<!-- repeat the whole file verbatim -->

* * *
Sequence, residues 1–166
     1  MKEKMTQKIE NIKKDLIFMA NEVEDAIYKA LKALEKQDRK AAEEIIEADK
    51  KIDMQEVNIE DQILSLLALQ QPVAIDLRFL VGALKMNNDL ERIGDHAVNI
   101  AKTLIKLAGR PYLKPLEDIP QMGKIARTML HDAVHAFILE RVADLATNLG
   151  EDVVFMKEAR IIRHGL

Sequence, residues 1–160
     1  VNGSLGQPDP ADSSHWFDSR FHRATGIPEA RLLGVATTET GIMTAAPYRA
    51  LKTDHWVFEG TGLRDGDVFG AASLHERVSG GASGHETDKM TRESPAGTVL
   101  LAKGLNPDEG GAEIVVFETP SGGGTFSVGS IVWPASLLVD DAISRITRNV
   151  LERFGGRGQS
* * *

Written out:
Sequence, residues 1–166
     1  MKEKMTQKIE NIKKDLIFMA NEVEDAIYKA LKALEKQDRK AAEEIIEADK
    51  KIDMQEVNIE DQILSLLALQ QPVAIDLRFL VGALKMNNDL ERIGDHAVNI
   101  AKTLIKLAGR PYLKPLEDIP QMGKIARTML HDAVHAFILE RVADLATNLG
   151  EDVVFMKEAR IIRHGL

Sequence, residues 1–160
     1  VNGSLGQPDP ADSSHWFDSR FHRATGIPEA RLLGVATTET GIMTAAPYRA
    51  LKTDHWVFEG TGLRDGDVFG AASLHERVSG GASGHETDKM TRESPAGTVL
   101  LAKGLNPDEG GAEIVVFETP SGGGTFSVGS IVWPASLLVD DAISRITRNV
   151  LERFGGRGQS